"Remember the days of old. Consider the years of ages past. Ask your father, he will inform you, your elders, they will tell you." (Deuteronomy 32:7)
Rashi, the Commentator of commentators, was a master of putting Torah in context. We will honor his teaching as we try to do the same.
Just before he climbs Mount Nebo where he will die, Moses delivers a message to the people of Israel in the form of a poem. He implores them to remember their history and their special relationship with God, who guided and cared for their ancestors. Moses advises them to ask their parents to tell them about their past.
Each week we will select one theme from the parashah that is directly relevant to our lives.
Moses knew that the survival of Judaism depended upon the people remembering their history and sharing it with future generations. Our personal stories can also become a part of the ongoing saga of the Jewish people. Remembering and recording our family history tells us who we are in relationship to those who came before us. While our parents and our grandparents are alive, we would be wise to follow the advice given by Moses in this week's Torah portion.
A Sage Speaks
Each week we will learn from a Talmid Chacham - a disciple of the wise.
It is quite feasible that one of the reasons why Judaism has managed to survive for more than three thousand years is because of Moses' insistence that the people remember their history. We have only to turn to the sacred books of Judaism to read about the patriarchs and matriarchs, the revelation at Mount Sinai, the forty years of wandering in the wilderness, and many other ancient tales that recount our history.
Rabbi Shlomo Yitzchaki (1040-1150), better known as Rashi, suggests that one should "remember" and consider history "in order to be conscious of what may happen in the future." He explains that understanding how God created the heavens and earth, spread human beings throughout the world, made a covenant with Abraham, divided peoples into lands, and gave the Torah with its laws to the people of Israel helps to promote an appreciation of God's power and presence in human life. The knowledge of what God has done encourages faith in what God will continue to do. "(Comments on Deuteronomy 32.7)
Modern commentator, Pinchas Peli, challenges us to learn about the past. He writes, "Even though we may think of ourselves as wise, resourceful, and technologically advanced, we are brought to realize that there is still much we can learn from our parents and even our grandparents have much that is worth sharing with us." (Harvey Fields, A Torah Commentary for Our Times, p.183)
Ultimately, we are a product of all of the generations that preceded us. If we take the opportunity to uncover and listen to their stories, we will come to know ourselves in new and different ways. "Every event touches not only those who witnessed it but also their children and their children's children. Our identity is shaped, at least in part, by our family history. Indeed, our most treasured history is learned at home, the place where our most powerful memories reside." (Facing History and Ourselves, p.479)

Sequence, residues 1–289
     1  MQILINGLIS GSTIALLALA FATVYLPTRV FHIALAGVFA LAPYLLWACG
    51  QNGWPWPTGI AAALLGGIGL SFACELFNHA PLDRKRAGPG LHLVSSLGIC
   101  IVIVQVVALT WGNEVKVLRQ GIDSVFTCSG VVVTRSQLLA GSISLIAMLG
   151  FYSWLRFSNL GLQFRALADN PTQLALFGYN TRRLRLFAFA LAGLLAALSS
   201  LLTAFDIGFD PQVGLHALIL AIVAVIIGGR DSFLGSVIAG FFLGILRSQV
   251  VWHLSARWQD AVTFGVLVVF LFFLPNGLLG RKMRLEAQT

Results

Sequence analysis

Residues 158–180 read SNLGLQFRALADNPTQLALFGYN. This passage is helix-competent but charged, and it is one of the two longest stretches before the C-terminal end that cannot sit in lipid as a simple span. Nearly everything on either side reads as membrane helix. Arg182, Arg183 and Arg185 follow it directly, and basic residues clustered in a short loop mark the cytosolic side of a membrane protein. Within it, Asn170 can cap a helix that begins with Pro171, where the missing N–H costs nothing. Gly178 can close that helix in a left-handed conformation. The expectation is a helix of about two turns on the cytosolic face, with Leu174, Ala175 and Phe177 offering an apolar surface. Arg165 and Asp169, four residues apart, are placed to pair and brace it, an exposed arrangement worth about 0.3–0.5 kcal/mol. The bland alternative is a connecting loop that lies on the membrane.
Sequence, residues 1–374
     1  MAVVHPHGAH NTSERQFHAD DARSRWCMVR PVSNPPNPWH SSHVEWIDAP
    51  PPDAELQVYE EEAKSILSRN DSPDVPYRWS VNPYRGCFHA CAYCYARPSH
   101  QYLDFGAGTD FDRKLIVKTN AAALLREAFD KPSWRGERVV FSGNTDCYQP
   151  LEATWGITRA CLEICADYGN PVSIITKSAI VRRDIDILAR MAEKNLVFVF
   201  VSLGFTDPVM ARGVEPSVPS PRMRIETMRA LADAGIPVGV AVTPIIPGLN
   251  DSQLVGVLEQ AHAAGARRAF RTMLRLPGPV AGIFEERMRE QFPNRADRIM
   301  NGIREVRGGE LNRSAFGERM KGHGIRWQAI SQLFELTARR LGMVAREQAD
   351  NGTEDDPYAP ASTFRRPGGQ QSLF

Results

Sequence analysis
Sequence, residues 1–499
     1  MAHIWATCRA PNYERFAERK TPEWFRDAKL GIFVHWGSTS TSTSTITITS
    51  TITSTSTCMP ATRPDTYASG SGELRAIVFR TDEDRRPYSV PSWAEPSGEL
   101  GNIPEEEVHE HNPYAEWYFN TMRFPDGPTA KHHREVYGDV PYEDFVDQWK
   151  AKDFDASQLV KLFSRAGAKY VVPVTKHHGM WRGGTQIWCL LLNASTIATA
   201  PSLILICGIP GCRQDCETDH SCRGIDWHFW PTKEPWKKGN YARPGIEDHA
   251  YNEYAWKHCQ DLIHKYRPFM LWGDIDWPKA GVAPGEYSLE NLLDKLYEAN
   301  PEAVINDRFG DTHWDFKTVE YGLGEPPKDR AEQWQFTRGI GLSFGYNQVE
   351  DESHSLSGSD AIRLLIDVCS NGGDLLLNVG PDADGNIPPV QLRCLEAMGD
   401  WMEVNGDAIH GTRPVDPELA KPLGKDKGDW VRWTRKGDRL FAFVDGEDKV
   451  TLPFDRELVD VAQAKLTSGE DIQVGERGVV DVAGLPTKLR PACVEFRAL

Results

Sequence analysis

The Torah and You
Questions and/or activities for families:
- With older children (10+)
- According to Rashi, why is it so important to "remember the days of old"?
- The Jewish philosopher, Martin Buber said, "We Jews are a community by virtue of historic memory. We have been held together and upheld by common remembering." Think of one example of something you do as a Jewish family that can be linked to an ancient Jewish tradition.
- Make a list of things you would like to know about what life was like for your parents or grandparents when they were your age. Interview them using a video camera to record their answers.
- Create a family tree. Research the names of family members as far back as you can. You can find help at a Jewish genealogical site such as www.jewishgen.org.
- With younger children (6-9)
- What is your favorite Torah story? What does it teach you about the Jewish people of long ago?
- Ask your parents or grandparents to tell you their favorite stories about their childhood. Write these stories down and create a "Family History Book". When you hear new stories, you can add them. Find a special place where you might save this book.
- How far back can you trace your family? Ask your parents to help you make a list of all of the members of your family. See if you can find pictures of all of these people in your family picture album.
- Ask your parents to arrange a visit to a Retirement Home for the Elderly where you might ask some of the residents to share some of their stories with you.
Haazinu, Deuteronomy 32:1–52
The Torah: A Modern Commentary, pp. 1,555–1,566; Revised Edition, pp. 1,398–1,412
The Torah: A Women's Commentary, pp. 1,251–1,270